Turner Station celebrates legacy during Heritage Day celebration
Wednesday, 06 August 2014 13:04
 by Nicole Rodman

    Turner Station is a community built on the strength of its history and traditions.
    In an effort to recognize this history, and those who are a part of it, the community holds a celebration each August.
    This year, the Turner Station Heritage and Praise Day Celebration was held on Aug. 2 at Union Baptist Church.
    The event primarily honors Henrietta Lacks, a former Turner Station resident whose cells have changed history.
    Born in Virginia, Lacks moved to Turner Station with her family in 1941.
    She was diagnosed with cervical cancer in 1951. Just a few months later, she died of the disease.
    During her treatment at Johns Hopkins Hospital, a sample of her cells were harvested without her or her family’s knowledge or consent.
    Since then, the unusually prolific cells have been used to develop treatments for diseases such as polio, cancer and AIDS.
    In an effort to offer Lacks and her family the recognition that eluded them for so long, Turner Station honors Lacks during the Heritage and Praise Day event.
    Last Saturday’s celebration kicked off  as Turner Station Boy Scout Troop and Cub Scout Pack 270 presented the flag and led the Pledge of Allegiance.
    Dr. Adele Newson-Horst, vice president of the Henrietta Lacks Legacy Group, was on hand to offer an update on the group’s efforts.
   
The group’s accomplishments have included placing a commemorative plaque on Lacks’ former home in Turner Station, nominating Lacks for the National Women’s Hall of Fame and coordinating a Black History Month essay contest.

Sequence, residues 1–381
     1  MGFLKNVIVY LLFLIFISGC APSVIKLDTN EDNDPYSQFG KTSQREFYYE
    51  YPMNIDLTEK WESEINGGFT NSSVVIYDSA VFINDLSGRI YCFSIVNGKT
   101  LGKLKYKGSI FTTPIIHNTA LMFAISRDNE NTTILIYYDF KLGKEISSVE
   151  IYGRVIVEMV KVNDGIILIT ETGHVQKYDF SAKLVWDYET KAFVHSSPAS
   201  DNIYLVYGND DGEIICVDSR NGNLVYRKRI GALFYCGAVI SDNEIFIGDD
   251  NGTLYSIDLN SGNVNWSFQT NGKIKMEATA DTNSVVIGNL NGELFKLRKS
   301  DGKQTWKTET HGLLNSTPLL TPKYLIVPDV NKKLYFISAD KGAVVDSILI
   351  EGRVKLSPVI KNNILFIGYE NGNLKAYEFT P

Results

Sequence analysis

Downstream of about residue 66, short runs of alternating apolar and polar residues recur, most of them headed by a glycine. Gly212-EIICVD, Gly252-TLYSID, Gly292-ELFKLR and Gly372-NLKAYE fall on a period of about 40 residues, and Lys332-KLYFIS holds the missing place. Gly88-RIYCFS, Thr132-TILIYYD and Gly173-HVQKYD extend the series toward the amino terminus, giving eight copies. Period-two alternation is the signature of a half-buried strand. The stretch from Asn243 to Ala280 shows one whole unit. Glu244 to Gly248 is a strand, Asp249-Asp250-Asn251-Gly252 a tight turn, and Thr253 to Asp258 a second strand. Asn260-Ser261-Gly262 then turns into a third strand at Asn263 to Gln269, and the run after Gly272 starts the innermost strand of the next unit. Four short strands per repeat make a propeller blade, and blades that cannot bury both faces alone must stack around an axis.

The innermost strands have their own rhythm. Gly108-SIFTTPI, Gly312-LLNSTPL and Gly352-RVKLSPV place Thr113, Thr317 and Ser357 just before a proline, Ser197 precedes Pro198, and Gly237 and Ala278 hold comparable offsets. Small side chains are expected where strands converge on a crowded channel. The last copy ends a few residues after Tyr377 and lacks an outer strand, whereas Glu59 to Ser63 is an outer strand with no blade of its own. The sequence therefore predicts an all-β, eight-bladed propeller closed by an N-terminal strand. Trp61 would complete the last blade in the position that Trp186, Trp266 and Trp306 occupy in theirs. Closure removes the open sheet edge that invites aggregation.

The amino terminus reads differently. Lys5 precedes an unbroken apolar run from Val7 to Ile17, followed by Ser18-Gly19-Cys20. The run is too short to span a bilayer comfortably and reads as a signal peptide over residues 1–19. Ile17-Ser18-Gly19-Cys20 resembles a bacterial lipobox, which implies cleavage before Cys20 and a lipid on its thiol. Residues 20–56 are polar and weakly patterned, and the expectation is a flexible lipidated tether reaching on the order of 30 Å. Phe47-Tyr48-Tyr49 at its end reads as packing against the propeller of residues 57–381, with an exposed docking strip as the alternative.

As usual, CCBC professor Michael Walsh offered an update on the school’s Henrietta Lacks scholarships and endowment.
    Last fall, CCBC awarded its first four Lacks scholarships to CCBC students studying science, technology, engineering or mathematics.
    Led by Walsh, CCBC continues to raise funds towards the goal of establishing a $100,000 endowment in Lacks’ name.
    “For as long as CCBC Dundalk is around ... we will be able to give a scholarship in her name,” Walsh noted.
    During the event, Lacks’ grandson David Lacks Jr. (who also served as the day’s master of ceremonies) read remarks prepared by Lacks’ son, Lawrence.
    Lawrence, who was 16 when Lacks died, offered memories of his mother.
    “She was more to us than a cell in a laboratory,” he wrote.
    Also on hand was Theodore Mack, chairman of the Maryland Commission on African-American History and Culture.
    Mack presented a proclamation on behalf of Gov. Martin O’Malley declaring Aug. 2, 2014, Henrietta Lacks Day in Maryland.
    Following the ceremony, the crowd adjourned to the corner of Main Street and Sollers Point Road where honorary street signs bearing the names of community pioneers Anthony Thomas and Dr. Joseph “Doc” Thomas were unveiled.
    Anthony Thomas first came to Turner Station in the 1880s. An entrepreneur, Thomas established the first building and loan association owned by an African-American in Baltimore County.
    His son, Doc Thomas, was both a physician and entrepreneur.
    In addition to serving as a community doctor for more than 50 years, Doc Thomas built the Anthony Theater, Edgewater Beach Amusement Park and owned a semi-professional baseball team.
    Following the unveiling of the street signs, the day’s festivities continued at the Community Post.
    Though the celebration has concluded, the contributions of Turner Station’s many notable residents will continue to be recognized and remembered.